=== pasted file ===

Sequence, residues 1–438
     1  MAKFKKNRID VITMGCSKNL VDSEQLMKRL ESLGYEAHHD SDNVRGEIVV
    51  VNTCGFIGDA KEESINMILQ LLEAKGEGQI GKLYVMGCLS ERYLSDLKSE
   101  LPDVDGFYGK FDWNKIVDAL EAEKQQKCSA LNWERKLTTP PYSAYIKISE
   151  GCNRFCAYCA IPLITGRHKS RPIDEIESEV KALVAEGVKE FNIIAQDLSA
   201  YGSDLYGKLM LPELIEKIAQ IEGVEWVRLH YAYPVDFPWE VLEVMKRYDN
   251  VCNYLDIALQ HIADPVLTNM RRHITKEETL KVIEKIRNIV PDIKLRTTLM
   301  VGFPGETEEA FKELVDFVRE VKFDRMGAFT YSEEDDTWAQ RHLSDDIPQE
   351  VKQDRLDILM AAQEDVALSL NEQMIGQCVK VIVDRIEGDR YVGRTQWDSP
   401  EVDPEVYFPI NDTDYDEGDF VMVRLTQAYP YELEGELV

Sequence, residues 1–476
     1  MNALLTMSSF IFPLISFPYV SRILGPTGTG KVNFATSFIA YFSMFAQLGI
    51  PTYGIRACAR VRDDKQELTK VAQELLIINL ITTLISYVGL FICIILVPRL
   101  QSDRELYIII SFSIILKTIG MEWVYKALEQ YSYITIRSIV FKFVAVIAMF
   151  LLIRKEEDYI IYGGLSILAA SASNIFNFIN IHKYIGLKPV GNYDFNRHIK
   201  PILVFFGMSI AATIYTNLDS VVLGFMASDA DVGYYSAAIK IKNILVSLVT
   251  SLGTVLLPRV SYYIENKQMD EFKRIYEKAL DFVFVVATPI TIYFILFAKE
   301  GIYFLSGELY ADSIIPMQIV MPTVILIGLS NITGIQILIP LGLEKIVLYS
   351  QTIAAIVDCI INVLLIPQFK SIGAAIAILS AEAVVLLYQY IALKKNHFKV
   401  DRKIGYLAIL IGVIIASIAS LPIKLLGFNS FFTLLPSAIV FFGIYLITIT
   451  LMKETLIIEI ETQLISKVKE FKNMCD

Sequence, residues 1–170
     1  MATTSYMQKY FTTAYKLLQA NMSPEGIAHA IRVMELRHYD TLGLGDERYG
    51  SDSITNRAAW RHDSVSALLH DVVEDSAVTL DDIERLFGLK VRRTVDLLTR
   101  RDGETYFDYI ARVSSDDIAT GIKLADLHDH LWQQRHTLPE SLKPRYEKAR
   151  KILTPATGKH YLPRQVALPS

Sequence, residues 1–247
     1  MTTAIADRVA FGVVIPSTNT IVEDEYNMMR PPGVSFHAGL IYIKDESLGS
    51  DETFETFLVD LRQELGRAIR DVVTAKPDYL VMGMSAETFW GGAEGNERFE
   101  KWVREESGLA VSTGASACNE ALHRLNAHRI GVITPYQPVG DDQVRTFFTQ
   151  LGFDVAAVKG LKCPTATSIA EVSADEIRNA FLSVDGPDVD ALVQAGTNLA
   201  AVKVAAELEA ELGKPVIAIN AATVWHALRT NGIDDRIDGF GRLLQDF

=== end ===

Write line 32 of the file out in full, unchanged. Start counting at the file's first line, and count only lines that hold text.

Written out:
   201  AVKVAAELEA ELGKPVIAIN AATVWHALRT NGIDDRIDGF GRLLQDF